Whether you are a sole trader, a start-up or an established business, this broad area of law will have a significant impact on your operations. As such, it is essential to be guided by professionals as you start, conduct, grow or wind up your business operations.
We provide support and guidance across the many legal aspects and issues arising during the course of conducting a business enterprise, including:
- business structures and formation
- business sales and purchases
- commercial and business contracts
- property and leasing transactions
- partnership and shareholder agreements
- directors’ duties and corporate governance
- intellectual property, copyright and trademarks
- employment matters
- alternative dispute resolution, mediation and negotiation
- commercial disputes and litigation
The legal structure through which you run your business is an important consideration, and we can help you make the right choice when getting your venture off the ground.
If you choose to enter a partnership, a formal partnership agreement will help govern the parties’ relationship and set out agreed processes for matters such as business management, termination, retirement, sale of shares and business succession.
A corporate structure such as a limited liability company will provide shareholders and directors a certain level of protection and is a popular choice for many businesses in Australia. The company is a separate legal entity and as such can enter contracts in its own right. Shares between owners can also be transferred without upsetting the external structure of the company, providing continuity of trading despite a change in shareholdings.
Setting up a family trust or unit trust can also be a viable business structure. Trusts can help to protect assets, provide flexibility and, if correctly set up and managed, deliver tax-effective outcomes. Trusts, however, are complex and must be properly created and administered to ensure the benefits outweigh the costs and ongoing administration fees.
Partnership and shareholder agreements
Partnership and shareholder agreements are essential to manage the relationship between business partners or the shareholders of a company.
These agreements help regulate the rights and responsibilities between the respective parties and provide terms to deal with a range of contingencies that might otherwise threaten the ongoing operations of a business.
Shareholder and/or partnership agreements include provisions such as alternative dispute resolution clauses, deadlock breakers (where shareholders or partners have intractable differences regarding the management of the business), pre-emptive rights, drag-along, tag-along rights, mandatory sale events, share valuation methods and conflict and non-compete clauses.
Company law and directors’ duties
Directors and company officers have an overriding duty to act in the best interests of the organisation they represent. They must act honestly, in good faith, avoid conflicts of interest and exercise care, skill and diligence. Directors must be careful to avoid insolvent trading and may risk being personally liable to third parties if they incur debts while a company is insolvent or facing insolvency.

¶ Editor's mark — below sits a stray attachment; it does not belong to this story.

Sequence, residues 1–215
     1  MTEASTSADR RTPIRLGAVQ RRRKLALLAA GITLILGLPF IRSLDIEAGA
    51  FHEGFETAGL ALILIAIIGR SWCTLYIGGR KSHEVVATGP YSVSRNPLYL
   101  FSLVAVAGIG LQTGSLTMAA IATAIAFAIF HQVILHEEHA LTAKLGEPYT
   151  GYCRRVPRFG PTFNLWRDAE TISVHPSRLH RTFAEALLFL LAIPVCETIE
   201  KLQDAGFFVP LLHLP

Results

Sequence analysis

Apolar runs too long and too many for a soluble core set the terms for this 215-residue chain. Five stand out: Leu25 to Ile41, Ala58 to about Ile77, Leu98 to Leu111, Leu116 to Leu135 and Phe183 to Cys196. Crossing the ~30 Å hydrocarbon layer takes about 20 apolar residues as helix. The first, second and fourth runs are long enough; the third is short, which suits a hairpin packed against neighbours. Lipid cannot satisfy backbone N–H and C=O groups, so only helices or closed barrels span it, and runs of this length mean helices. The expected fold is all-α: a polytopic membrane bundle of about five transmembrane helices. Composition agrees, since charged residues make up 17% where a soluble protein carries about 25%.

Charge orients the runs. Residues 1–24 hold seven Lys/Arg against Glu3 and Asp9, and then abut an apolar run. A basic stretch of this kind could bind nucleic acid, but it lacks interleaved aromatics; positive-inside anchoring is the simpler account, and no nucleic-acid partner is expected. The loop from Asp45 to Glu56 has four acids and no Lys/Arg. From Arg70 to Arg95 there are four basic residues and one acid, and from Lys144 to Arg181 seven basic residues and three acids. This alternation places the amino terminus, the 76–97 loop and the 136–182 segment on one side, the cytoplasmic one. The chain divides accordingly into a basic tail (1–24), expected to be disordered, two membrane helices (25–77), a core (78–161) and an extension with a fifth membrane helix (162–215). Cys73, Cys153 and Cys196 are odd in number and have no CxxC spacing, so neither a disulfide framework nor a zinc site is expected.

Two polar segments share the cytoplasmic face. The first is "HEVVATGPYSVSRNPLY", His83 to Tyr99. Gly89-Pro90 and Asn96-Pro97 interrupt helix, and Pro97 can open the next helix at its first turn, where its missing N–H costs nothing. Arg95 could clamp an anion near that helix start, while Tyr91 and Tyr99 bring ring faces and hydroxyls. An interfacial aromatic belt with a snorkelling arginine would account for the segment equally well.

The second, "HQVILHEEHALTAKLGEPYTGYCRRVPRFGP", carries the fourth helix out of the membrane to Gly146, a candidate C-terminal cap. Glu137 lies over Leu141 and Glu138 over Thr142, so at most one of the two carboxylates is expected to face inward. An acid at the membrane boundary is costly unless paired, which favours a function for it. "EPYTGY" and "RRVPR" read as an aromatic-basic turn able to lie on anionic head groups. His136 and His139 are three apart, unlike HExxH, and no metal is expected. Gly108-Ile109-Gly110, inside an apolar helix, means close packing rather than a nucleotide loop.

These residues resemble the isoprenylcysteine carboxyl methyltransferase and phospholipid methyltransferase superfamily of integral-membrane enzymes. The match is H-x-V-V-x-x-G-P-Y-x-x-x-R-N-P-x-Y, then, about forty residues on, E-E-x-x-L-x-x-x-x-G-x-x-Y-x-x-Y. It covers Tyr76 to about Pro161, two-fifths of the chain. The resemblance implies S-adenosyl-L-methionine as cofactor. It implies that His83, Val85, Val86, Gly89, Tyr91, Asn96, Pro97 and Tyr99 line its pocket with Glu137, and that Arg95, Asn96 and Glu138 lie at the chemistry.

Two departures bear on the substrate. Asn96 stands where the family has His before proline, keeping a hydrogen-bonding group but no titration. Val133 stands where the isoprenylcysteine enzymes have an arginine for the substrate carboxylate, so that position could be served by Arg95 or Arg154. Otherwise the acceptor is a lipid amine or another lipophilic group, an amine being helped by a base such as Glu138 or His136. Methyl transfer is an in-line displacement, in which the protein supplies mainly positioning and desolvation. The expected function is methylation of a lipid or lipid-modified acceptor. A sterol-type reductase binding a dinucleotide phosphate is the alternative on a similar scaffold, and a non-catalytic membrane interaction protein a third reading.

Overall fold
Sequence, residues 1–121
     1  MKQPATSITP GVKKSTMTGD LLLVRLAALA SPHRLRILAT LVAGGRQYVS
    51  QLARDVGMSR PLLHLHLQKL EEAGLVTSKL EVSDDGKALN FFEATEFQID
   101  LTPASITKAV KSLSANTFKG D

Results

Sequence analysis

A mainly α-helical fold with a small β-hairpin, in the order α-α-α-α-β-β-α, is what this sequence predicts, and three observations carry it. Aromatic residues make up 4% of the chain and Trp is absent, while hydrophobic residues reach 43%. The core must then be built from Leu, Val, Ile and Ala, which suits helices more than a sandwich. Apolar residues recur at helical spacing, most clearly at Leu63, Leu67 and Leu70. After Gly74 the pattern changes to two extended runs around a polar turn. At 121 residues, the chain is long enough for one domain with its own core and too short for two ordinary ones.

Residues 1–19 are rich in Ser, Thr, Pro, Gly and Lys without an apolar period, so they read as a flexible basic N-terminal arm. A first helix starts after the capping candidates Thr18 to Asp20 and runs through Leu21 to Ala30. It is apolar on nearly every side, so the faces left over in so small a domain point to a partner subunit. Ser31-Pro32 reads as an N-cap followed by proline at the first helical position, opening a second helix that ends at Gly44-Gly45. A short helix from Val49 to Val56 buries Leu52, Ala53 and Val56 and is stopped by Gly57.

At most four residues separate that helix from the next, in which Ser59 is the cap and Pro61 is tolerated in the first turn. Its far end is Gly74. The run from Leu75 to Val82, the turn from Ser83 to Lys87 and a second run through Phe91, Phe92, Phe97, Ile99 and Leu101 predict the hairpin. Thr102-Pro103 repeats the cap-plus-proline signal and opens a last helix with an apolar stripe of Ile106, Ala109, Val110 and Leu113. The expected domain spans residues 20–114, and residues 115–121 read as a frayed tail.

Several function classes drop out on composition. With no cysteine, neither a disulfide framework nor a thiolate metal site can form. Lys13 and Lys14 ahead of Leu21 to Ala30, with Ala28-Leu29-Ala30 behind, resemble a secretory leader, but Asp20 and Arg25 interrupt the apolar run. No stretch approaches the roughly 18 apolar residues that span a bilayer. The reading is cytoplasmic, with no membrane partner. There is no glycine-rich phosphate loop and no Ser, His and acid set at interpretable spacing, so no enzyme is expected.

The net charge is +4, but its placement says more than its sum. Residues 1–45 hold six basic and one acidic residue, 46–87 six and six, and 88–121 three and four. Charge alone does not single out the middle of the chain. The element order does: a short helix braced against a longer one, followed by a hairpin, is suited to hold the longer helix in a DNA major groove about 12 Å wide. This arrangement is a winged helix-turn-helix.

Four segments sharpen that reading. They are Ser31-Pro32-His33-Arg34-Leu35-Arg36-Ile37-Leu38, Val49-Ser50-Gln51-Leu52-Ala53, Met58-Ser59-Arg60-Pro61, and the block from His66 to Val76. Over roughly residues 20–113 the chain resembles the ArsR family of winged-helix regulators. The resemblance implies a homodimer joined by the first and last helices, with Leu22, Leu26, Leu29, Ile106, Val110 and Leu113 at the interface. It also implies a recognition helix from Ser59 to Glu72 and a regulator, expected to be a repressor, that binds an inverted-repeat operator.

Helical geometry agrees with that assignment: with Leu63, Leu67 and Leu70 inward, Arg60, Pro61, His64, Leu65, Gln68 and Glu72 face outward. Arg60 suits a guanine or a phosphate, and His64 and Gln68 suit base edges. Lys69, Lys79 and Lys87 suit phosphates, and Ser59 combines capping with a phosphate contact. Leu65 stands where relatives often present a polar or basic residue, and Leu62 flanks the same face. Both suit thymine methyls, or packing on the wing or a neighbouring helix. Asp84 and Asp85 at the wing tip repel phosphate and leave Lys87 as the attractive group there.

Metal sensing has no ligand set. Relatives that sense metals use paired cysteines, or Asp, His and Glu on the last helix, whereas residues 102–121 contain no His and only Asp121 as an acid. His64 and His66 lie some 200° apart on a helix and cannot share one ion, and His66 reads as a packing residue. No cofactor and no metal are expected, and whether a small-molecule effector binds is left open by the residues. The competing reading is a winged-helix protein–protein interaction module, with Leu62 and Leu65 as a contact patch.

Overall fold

Company directors have many internal and external challenges and may face situations where clarity is needed regarding their duties and responsibilities, so that informed decisions may be made.
We can assist with:
- potential conflict and disclosure issues
- insolvent trading and directors’ liability for debts
- utilisation of safe harbour provisions
- related party transactions
- the proper conduct of board, general and shareholder meetings
- the appointment and removal of directors and executives
- interpretation of the company constitution.
Commercial disputes, mediation and litigation
As a business owner or director, it is not uncommon for your organisation to be involved in a legal dispute. In such cases you will need to consider the most viable option to resolve the matter with minimal disruption and financial loss.
Many commercial disputes can be resolved without going to court. Alternative dispute resolution processes such as negotiation and mediation can provide practical and commercial outcomes that can save organisations time and resources. Mediation is generally confidential and has several benefits. In addition to providing a quicker and cheaper outcome, mediation can also provide more flexible solutions and can help preserve the relationship between businesses, which is important if they have continuing contractual obligations.
We understand the impact that a commercial dispute can have on your business operations and your personal wellbeing and will always consider the most effective, expedient way to resolve your case. We are experienced negotiators and will review your matter to propose the most appropriate solution
Despite best intentions, it is sometimes not possible to resolve or defend a matter without using the court system. In such cases, we will assess your matter carefully to advise you on the prospects of success so you can make an informed decision to bring or defend the matter in court.
We have significant expertise across a broad range of commercial law matters and can advise and guide you throughout the many opportunities and legal challenges your business may face. We are also experienced litigators and advocates with a thorough understanding of the court process.